These days it seems you can't walk through a bookstore without bumping into a book or magazine pointing out the negative consequences of climate change. Everything from the hottest years on record to ruining astronomy can be tied to climate change.
Now some new science lays another potential problem at climate change's feet – Earth is retaining more than twice as much heat annually as it was 15 years ago.
A team from NASA and NOAA found that Earth's "energy imbalance" doubled between 2005 and 2019. The energy imbalance is simple to understand but complex in its causes and impacts. It is the difference between the amount of energy absorbed by Earth and the amount of energy emitted by it.
Any increase in the energy imbalance means the overall Earth system is gaining energy, causing it to heat up.
To quantify this change, the team used data from two separate sources – NASA's Clouds and the Earth's Radiant Energy System (CERES) and a system run by NOAA called Argo. CERES specializes in how much energy is entering and leaving Earth.
Most of the energy entering is in the form of solar radiation, while energy leaving the system could take a variety of forms, including some of that solar radiation bouncing off of white clouds.
Argo, on the other hand, estimates the rate of temperature increase for the oceans. Ninety percent of the energy that is absorbed by the Earth system is absorbed into the oceans, so any significant energy imbalance would be seen as a heating up of the oceans.
Data from both sensing platforms pointed to the same conclusions – that Earth was absorbing more energy than it was emitting, that energy is then stored by the ocean, and the annual amount of energy stored has increased dramatically in the recent past. All of these findings have important implications for the future of understanding and coping with climate change.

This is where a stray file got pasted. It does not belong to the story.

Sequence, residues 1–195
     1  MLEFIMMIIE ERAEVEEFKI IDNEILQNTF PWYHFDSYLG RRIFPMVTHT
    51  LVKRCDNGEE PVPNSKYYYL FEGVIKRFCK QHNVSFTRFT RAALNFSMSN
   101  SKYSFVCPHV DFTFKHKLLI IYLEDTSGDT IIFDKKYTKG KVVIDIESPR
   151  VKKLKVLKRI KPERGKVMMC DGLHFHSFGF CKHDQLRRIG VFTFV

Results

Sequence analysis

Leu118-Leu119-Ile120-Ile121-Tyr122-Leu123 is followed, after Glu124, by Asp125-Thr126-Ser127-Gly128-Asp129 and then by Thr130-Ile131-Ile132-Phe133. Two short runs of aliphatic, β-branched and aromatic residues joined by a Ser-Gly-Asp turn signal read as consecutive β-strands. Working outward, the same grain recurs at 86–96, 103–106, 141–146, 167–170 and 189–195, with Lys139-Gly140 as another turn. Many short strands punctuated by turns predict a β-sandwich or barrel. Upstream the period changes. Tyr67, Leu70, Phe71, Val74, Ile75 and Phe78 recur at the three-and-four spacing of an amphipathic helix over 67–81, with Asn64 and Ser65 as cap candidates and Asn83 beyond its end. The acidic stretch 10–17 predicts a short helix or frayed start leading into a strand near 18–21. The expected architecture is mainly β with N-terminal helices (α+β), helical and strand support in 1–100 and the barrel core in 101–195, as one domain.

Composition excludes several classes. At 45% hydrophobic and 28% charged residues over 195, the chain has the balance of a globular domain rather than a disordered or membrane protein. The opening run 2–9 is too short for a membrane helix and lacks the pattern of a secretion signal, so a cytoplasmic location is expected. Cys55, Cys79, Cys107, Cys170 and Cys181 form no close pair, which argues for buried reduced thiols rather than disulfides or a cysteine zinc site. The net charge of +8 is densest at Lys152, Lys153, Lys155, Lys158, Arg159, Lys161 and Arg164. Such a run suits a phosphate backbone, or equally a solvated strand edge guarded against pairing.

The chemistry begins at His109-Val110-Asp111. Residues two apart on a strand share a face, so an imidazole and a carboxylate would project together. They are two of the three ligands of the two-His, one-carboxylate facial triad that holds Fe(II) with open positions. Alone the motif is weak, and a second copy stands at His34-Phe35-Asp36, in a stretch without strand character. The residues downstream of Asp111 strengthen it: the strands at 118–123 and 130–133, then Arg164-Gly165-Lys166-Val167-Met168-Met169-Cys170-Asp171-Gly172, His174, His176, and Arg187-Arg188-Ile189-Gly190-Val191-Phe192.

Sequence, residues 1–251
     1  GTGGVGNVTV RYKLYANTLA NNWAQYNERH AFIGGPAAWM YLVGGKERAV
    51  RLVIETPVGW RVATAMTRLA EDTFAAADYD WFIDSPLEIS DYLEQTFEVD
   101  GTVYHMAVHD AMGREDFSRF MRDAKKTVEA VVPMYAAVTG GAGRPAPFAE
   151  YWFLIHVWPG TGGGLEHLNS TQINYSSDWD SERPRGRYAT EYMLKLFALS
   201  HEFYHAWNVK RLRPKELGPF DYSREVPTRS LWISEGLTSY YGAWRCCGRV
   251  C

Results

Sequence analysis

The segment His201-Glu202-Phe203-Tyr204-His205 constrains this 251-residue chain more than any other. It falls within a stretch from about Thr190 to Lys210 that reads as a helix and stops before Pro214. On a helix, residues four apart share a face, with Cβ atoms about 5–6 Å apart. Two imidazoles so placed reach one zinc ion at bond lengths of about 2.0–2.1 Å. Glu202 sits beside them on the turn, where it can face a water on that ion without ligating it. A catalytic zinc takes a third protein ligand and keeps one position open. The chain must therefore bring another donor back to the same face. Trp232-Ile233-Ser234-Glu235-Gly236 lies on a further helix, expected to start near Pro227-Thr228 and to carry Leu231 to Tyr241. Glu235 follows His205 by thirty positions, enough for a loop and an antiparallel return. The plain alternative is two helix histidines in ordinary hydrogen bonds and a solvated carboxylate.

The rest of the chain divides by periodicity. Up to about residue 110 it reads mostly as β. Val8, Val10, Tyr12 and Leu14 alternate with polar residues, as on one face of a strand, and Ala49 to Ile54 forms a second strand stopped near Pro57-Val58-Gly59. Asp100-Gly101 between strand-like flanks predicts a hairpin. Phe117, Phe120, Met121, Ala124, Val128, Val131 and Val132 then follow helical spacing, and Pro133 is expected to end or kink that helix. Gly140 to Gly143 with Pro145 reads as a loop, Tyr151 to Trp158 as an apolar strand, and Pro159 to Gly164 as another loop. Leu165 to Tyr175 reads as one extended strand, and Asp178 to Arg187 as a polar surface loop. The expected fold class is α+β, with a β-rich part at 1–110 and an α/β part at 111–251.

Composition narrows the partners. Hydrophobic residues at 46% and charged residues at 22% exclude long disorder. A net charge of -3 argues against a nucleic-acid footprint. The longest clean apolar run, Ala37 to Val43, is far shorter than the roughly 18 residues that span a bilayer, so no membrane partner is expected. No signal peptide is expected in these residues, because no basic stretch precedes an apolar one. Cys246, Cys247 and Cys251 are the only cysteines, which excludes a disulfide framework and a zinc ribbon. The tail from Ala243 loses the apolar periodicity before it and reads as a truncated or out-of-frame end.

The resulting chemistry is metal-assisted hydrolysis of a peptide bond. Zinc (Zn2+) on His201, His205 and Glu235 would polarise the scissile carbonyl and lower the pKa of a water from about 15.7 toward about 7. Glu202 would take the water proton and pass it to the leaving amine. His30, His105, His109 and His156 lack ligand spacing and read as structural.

First, understanding what caused the increase in absorbed heat in order to potentially mitigate it in the near future would be helpful. The researchers cite two main causes of the increasing energy imbalance.
First was a decrease in sea ice and clouds, the white surfaces of which increase the planet's albedo and therefore the amount of energy that is reflected back out into space. Some of that decrease in cloud coverage was caused by what is known as the Pacific Decadal Oscillation.
In the middle of the survey period, a warm phase of this oscillation took hold, which caused a widespread reduction in cloud coverage, and thus lower albedo.
The second cause was an increase in both greenhouse gases caused by human emissions and water vapor, which can prevent specific types of radiation from escaping, increasing the overall energy amount of the system. So our own emissions are making it harder for heat to escape Earth.
Consequences of such a change in the energy imbalance are slightly less clear, as is the case with much climate science. There is a chance that this heat-trapping effect could speed the melting of the polar ice caps, thereby speeding up the rise in sea levels that many scientists fear will occur over the next 100 years.
Alternatively, higher ocean temperatures could mean more acidic oceans, which has its own impact on the ecosystems that are reliant on ocean chemistry.
IMAGE: Over the course of a year the orientation of the axis remains fixed in space, producing changes in the distribution of solar radiation. These changes in the pattern of radiation reaching earth's surface cause the succession of the seasons.
No matter the consequences, this research is another data point in the argument that climate change is real and that humans are causing it.
It is also something we could potentially reverse in our efforts to fight climate change globally. So it is worth keeping an eye on the overall energy imbalance for the foreseeable future.
This article was originally published by Universe Today. Read the original article.